Edible Uses: Seed – cooked. The seed is large, up to 35mm long and 30mm wide, but contains bitter tannins. Other reports say that the acorns are sweet and edible. The seed can be roasted then dried, ground into a powder and used as a thickening in stews etc or mixed with cereals for making bread. The bitter tannins can be leached out by thoroughly washing the seed in running water though many minerals will also be lost. Either the whole seed can be used or the seed can be dried and ground it into a powder. The roasted seed is a coffee substitute. (3)
Medicinal Uses: Any galls produced on the tree are strongly astringent and can be used in the treatment of haemorrhages, chronic diarrhoea, dysentery etc. 
(4)
Foot Notes:
(1)http://www.wildflower.org/plants/result.php?id_plant=QUMI
Foot Notes:
(2, 3, 4)http://www.pfaf.org/user/Plant.aspx?LatinName=Quercus+michauxii
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#128 (q)
Common Name: Chinkapin Oak, Chestnut Oak, Yellow Oak, Rock Oak, (Quercus muelenbergii)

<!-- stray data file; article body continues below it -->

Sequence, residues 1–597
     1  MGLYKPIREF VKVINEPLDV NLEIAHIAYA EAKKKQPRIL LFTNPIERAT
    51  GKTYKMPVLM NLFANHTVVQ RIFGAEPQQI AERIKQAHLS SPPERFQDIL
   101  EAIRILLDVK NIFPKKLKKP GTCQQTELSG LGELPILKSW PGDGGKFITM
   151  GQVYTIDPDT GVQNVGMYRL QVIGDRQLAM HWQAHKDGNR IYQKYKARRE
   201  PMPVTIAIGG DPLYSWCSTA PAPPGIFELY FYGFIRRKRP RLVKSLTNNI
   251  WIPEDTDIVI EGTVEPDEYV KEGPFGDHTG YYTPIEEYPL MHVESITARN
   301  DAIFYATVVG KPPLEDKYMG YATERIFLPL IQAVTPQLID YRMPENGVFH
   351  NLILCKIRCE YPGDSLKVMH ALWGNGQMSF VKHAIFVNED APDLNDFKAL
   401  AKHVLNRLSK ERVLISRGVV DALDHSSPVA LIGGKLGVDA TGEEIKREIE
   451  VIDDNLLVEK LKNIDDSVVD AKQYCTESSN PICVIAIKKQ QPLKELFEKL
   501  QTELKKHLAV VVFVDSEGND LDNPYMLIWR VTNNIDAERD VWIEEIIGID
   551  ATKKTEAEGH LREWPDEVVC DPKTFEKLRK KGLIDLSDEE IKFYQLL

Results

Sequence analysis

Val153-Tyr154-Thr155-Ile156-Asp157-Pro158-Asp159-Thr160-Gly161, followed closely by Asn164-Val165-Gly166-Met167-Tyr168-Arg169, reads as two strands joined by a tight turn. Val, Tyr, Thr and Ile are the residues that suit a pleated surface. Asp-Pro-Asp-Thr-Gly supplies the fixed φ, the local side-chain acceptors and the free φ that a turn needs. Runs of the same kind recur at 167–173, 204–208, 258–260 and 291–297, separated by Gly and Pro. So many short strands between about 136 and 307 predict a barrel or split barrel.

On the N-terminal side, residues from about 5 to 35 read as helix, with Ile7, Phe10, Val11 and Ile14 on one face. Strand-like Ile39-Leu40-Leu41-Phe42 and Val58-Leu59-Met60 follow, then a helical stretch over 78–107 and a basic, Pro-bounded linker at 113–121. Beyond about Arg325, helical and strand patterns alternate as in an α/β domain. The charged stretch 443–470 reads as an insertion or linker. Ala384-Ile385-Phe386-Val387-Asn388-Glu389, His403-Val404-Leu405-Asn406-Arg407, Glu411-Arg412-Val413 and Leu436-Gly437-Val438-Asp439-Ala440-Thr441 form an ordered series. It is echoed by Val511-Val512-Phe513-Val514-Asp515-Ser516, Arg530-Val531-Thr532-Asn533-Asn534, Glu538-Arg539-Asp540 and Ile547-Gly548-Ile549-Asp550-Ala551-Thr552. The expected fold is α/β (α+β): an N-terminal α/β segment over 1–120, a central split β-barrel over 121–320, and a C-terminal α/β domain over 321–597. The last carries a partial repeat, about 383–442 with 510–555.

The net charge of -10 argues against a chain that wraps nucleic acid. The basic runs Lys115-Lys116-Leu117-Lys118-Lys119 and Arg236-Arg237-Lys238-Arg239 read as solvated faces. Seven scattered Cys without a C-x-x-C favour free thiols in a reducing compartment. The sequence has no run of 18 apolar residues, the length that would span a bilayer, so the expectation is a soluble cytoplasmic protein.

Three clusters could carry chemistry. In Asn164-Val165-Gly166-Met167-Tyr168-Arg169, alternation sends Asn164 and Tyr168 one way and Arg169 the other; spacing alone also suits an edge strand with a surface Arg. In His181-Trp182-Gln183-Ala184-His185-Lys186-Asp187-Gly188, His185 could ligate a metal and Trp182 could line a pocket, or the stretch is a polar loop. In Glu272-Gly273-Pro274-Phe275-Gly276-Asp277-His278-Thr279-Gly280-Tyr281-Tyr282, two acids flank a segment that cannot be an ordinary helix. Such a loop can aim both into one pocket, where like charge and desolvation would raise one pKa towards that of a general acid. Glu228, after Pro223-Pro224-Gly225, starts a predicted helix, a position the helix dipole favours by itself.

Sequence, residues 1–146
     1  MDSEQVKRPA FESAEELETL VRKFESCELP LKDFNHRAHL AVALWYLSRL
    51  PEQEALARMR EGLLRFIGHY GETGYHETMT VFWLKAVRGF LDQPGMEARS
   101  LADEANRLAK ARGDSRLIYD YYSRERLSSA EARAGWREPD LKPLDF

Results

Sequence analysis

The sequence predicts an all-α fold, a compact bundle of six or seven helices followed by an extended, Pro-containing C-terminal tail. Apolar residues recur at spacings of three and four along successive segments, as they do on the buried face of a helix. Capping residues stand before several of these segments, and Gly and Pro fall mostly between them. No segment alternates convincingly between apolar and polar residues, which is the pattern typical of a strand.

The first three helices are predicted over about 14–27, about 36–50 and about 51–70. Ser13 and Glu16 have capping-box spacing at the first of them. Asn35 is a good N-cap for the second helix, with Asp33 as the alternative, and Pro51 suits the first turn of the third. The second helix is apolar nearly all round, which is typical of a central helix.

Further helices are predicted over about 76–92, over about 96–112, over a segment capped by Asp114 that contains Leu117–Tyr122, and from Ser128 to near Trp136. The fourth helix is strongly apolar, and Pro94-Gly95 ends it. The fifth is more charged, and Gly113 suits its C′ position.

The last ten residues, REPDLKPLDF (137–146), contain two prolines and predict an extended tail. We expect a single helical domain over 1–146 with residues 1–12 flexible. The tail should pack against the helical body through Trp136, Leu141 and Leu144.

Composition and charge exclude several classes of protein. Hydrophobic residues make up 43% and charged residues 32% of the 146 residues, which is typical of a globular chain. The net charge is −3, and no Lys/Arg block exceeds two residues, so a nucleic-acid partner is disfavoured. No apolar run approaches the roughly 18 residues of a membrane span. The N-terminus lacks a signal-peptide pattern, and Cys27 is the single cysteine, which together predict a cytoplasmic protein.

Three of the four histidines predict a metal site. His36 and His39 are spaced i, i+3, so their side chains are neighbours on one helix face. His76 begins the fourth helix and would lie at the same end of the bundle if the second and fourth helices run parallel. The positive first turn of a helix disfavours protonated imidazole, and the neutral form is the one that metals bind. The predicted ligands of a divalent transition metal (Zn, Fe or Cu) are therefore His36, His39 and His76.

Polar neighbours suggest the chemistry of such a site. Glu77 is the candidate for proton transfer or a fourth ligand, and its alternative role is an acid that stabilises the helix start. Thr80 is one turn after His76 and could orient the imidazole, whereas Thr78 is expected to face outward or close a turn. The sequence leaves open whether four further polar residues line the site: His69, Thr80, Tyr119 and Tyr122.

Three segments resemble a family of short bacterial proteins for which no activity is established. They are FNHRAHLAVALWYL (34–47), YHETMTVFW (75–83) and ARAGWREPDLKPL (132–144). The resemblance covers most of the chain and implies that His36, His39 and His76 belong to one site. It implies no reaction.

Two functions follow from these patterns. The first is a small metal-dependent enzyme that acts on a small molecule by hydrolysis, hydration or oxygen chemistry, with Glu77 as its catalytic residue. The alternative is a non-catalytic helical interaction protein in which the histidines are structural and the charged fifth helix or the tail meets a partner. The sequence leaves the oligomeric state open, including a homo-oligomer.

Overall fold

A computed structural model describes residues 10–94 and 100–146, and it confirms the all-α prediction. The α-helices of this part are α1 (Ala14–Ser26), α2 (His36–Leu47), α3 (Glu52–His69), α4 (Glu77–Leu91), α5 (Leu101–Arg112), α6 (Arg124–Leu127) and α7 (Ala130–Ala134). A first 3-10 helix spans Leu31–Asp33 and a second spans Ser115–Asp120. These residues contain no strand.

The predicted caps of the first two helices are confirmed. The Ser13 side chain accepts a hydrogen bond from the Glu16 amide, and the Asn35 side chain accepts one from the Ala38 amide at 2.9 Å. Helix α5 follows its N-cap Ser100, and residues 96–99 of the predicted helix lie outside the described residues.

Appearance and Habitat: A tree with light gray platy or scaly bark and smooth, gray twigs changing to brown on the current year’s leaf-bearing growth. Leaves up to 8 inches long and 4 1/2 inches wide with their widest part nearer the apex than the base. Larger leaves broadly rounded from the widest part to the apex and tapered to the base, the smaller ones narrower, leaf margins shallowly lobed or coarsely toothed, each lobe or tooth with a minute tip; the upper surface smooth, with a sheen, the lower surface dull. Flowers inconspicuous in narrow clusters. Fruit an acorn up to 1 inch long and 3/4 inch wide. (1) Dry calcareous slopes and ridges, or on rich bottoms. Well drained uplands, favouring limestone soils and avoiding acid soils in Eastern N. America – Vermont and Ontario to Minnesota, Nebraska, Alabama and Texas. A deciduous tree growing to 20 m (65ft) by 10 m (32ft) at a medium rate. It is hardy to zone 4 and is not frost tender. It is in flower from May to June, and the seeds ripen in November.(2)